The 1933 Railmotor & Trailers
From a period publicity brochure this is described as a 500hp Armstrong Whitworth Light Weight Motor Train, articulated on the Gresley system in two groups. Designed for a maximum speed of 65mph, it can accomodate 168 first & second class passengers at the low tare weight of 1,230 lbs per seat. (Source AW)
A grainy view taken from a period advert depicting the new railmotor to the Sao Paulo Railway from Armstrong Whitworth, apparently for use between the port of Santos & Sao Paulo. Presumably this view is prior to its departure from Newcastle.
This articulated three coach + railmotor was built for the 5ft 3in San Paulo Railway, to operate over the forty nine miles between the port of Santos and Sao Paulo. Maximum height on this route was 2,900ft and included the famous Serra incline. The passing loops on the incline created a restriction as to the length of the train. The articulation was between the railmotor & the first coach and between the second & third coaches.
The railmotor was powered by an Armstrong-Sulzer 6LD25 six cylinder engine developing 450hp at 750rpm. All engine output was available for traction, an Armstrong-Saurer type BOD 50hp engine/generator set was used for starting the main engine and to drive the auxiliaries. Laurence, Scott & Electromotors Ltd provided the main generator which was directly coupled to the main engine. This company also provided much of the control gear. Crompton Parkinson supplied the four axle-hung, nose suspended traction motors. The traction motors were located on the outer bogie at each end of the train, these powered bogies were identical.
The plate frame power-unit bogies were equipped with Isothermos axleboxes, the load transmitted by laminated springs. All four wheels on the power-unit bogie were fitted with clasp brakes, operated on the automatic vacuum system driven by a Consolidated Brake Company exhauster.
The Gloucester Railway Carriage & Wagon Co Ltd were subcontractors for the coach bodies, being delivered to Scotswood for fitting onto the frames. Seating capacity was originally 100 first class and 68 second class. The coach next to the power unit featured a small buffet/pantry with a variety of storage options and space for an ice chest. Corridor connections were provided between all coaches. The end coach was equipped with a driver's compartment and a full set of controls.
Total length of the train was 174ft, tare weight was 92.6 tons, maximum speed was 65mph.
It was normal for new vehicles to be extensively tested in the yard at Scotswood, however this long articulated set of motor and coaches presented a problem. Special 5ft 3in gauge track was laid through much of the facilities, including curved sections to fully test this trainset, especially the articulation of the vehicles.
In 1934 the Sao Paulo Railway became the E.F Santos a Jundiai. The Armstrong Whitworth articulated train became known as the Cometa (Comet).
Late in 1933 the trainset was shipped from Elswick. On arrival in Brazil the seating was modified, reducing the passenger capacity, but increasing the amenities with the center coach becoming a lounge and smoking saloon, only able to seat 19 passengers. An additional fare was required when using the lounge car.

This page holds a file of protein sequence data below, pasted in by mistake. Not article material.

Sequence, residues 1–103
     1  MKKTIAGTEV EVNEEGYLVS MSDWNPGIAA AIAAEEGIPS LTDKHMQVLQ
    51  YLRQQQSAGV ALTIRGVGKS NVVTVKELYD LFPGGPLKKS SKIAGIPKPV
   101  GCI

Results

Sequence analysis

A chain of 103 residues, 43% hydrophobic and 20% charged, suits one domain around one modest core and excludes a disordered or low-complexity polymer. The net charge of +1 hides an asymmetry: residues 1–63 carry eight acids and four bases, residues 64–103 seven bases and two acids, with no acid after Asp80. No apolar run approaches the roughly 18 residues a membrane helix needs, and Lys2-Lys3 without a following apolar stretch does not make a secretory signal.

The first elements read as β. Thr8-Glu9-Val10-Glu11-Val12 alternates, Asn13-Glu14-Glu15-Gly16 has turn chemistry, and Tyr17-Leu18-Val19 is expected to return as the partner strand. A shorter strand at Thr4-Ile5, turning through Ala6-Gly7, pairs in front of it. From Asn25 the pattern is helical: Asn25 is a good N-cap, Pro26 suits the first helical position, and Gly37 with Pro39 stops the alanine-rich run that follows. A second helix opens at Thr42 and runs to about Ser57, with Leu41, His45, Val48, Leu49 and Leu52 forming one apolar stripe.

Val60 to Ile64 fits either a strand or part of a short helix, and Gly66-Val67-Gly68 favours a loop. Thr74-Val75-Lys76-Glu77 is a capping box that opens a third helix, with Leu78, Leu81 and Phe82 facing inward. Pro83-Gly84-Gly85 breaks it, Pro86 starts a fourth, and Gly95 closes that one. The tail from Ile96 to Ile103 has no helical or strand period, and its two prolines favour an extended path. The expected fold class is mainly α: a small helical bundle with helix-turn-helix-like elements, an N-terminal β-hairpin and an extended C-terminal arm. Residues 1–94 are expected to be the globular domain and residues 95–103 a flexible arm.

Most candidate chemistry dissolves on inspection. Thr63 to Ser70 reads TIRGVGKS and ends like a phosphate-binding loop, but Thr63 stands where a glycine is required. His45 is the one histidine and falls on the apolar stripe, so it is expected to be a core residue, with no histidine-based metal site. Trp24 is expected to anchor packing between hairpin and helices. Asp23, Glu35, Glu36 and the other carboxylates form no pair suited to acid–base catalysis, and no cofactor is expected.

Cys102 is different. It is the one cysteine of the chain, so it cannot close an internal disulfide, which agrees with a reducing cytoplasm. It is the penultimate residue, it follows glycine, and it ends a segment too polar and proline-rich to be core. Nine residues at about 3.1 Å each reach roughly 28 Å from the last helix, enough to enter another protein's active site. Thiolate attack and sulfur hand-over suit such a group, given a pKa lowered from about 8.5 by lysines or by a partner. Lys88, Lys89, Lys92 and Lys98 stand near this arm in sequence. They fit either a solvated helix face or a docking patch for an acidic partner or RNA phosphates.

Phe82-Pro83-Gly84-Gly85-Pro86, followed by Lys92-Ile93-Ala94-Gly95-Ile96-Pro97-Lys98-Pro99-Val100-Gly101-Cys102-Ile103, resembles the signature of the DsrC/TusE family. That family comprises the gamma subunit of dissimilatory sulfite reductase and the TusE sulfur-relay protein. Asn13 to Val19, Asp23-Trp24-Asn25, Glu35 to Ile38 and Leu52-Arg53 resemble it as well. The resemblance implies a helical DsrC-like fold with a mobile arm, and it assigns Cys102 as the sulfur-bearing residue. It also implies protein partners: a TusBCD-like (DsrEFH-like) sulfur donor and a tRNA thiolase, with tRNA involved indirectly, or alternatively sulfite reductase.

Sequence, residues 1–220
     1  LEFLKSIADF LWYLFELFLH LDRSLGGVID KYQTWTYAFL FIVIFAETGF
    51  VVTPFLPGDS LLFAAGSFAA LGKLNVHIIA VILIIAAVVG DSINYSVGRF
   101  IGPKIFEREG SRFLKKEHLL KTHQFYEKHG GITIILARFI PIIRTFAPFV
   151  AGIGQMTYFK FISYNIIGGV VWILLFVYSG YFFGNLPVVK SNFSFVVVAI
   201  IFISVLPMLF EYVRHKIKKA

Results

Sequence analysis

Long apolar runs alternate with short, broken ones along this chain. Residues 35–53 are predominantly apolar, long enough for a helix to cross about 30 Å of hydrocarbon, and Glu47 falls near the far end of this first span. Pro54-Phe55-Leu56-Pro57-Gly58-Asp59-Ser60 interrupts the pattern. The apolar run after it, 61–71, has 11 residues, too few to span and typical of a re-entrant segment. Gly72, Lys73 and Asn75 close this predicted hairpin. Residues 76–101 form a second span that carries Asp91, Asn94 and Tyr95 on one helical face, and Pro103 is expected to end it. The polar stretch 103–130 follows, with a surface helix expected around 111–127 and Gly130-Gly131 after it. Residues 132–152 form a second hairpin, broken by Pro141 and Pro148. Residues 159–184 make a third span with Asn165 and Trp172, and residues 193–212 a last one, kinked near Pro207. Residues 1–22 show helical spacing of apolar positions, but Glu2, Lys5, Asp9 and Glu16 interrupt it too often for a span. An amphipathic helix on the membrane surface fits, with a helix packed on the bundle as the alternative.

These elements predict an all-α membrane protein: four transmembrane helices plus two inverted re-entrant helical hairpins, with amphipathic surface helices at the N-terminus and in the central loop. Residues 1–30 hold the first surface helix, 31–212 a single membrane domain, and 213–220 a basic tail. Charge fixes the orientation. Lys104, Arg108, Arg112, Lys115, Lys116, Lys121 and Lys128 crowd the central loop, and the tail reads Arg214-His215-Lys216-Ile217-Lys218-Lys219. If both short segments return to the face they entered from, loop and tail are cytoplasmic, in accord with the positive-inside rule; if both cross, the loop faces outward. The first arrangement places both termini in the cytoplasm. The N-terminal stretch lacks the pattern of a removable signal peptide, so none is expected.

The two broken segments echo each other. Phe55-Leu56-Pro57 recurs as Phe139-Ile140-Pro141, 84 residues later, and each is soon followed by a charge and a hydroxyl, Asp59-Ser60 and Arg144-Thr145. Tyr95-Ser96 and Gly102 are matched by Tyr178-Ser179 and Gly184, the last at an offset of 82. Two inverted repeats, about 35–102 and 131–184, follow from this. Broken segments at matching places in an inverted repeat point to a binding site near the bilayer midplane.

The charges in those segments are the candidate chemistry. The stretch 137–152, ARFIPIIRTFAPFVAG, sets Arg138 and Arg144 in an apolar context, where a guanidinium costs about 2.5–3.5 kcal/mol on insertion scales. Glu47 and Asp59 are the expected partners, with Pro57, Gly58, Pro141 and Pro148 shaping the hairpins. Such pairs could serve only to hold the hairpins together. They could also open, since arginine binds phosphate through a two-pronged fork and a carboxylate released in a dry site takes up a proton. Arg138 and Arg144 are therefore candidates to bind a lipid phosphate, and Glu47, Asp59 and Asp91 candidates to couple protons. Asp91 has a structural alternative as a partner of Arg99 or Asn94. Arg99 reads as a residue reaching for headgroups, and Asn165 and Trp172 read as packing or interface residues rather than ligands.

After some trial runs the trainset was put into service June 25th 1934 amid much fanfare. Railway and government officials attended a ceremony at Alto De Serro to inspect the Serra Incline and a selection of old and new rolling stock. Luncheon and speeches followed, then the new train, now named 'Cometa' set off on the 30 mile run to Sao Paulo. The journey took 35 minutes, with a top speed of 67mph. Full public service began on July 1st 1935, making two daytime roundtrips between Sao Paulo & Santos six days a week. Total weekly mileage was 1,200. A third turn was added with a round trip from Sao Paulo to Alto De Santos, increasing the weekly milage to 1,293. In January 1936 a third Sao Paulo - Santo turn was added (except Sunday's), weekly mileage now rose to 1,988.
Sometime during May/June 1944 the main engine crankshaft fractured, an event that was to reoccur in June 1949.
The livery of the train seems to have varied over the years from the bold contrasting livery following its construction to simplified liveries, both light and dark (by 1952). By the early 1970's the train was in a chocolate brown livery with yellow trim and black/yellow striped warning panels on the buffer beams of the end vehicles.
In August 1959 both engines were replaced, a 720hp Cooper-Bessemer 6 cylinder 6-FD replaced the Armstrong-Sulzer whilst a 110hp Buda engine replaced the Armstrong-Saurer. The train remained in service into the late 1970's before being scrapped at the Paranapiacaba yards.
The 1939 Railmotors & Trailers
Following the success of the 1934 built 'Cometa', two further trains of greater power and capacity were ordered from Armstrong Whitworth. They were of similar layout - that of one power car and three passenger coaches, for this build there was no articulation between the vehicles. The engines fitted to these two power cars had 33% more power than the 'Cometa' with the coaches having a total capacity of 134 passengers. The power equipment was supplied by Armstrong Whitworth whilst the passenger coaches and quite possibly the power cars were built by Birmingham Railway Carriage & Wagon Co. Ltd. Although this was not normal practice the delivery had been delayed and the Scotswood Works was winding down its Diesel Department.
The total weight of 108 tons and length of 194 feet was governed by the restrictions on the infamous Sierra incline which required the trains to be raised and lowered by cable. Maximum speed was 60mph and the trains were required to negotiate six-chain curves.